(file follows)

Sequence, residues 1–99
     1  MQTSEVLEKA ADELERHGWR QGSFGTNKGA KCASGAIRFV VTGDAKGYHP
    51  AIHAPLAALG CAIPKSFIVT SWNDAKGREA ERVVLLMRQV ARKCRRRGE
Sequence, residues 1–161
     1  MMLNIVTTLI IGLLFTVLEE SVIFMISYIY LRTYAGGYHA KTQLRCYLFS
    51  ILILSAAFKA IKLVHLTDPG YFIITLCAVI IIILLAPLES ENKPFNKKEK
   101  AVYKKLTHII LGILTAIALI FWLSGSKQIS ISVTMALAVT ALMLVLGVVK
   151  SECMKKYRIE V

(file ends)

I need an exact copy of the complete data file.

Sequence, residues 1–99
     1  MQTSEVLEKA ADELERHGWR QGSFGTNKGA KCASGAIRFV VTGDAKGYHP
    51  AIHAPLAALG CAIPKSFIVT SWNDAKGREA ERVVLLMRQV ARKCRRRGE
Sequence, residues 1–161
     1  MMLNIVTTLI IGLLFTVLEE SVIFMISYIY LRTYAGGYHA KTQLRCYLFS
    51  ILILSAAFKA IKLVHLTDPG YFIITLCAVI IIILLAPLES ENKPFNKKEK
   101  AVYKKLTHII LGILTAIALI FWLSGSKQIS ISVTMALAVT ALMLVLGVVK
   151  SECMKKYRIE V